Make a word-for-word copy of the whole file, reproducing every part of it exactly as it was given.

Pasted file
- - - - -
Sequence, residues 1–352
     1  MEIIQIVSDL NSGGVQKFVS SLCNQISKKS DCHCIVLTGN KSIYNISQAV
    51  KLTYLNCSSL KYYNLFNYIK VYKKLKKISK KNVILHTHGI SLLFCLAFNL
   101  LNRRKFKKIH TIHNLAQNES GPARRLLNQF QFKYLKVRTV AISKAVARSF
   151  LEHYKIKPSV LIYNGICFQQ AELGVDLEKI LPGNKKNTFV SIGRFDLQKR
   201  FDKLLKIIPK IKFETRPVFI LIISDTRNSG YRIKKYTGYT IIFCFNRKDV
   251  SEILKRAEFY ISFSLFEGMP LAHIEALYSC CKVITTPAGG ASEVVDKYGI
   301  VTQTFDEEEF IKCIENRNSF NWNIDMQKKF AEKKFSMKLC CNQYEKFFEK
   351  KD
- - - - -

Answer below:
Sequence, residues 1–352
     1  MEIIQIVSDL NSGGVQKFVS SLCNQISKKS DCHCIVLTGN KSIYNISQAV
    51  KLTYLNCSSL KYYNLFNYIK VYKKLKKISK KNVILHTHGI SLLFCLAFNL
   101  LNRRKFKKIH TIHNLAQNES GPARRLLNQF QFKYLKVRTV AISKAVARSF
   151  LEHYKIKPSV LIYNGICFQQ AELGVDLEKI LPGNKKNTFV SIGRFDLQKR
   201  FDKLLKIIPK IKFETRPVFI LIISDTRNSG YRIKKYTGYT IIFCFNRKDV
   251  SEILKRAEFY ISFSLFEGMP LAHIEALYSC CKVITTPAGG ASEVVDKYGI
   301  VTQTFDEEEF IKCIENRNSF NWNIDMQKKF AEKKFSMKLC CNQYEKFFEK
   351  KD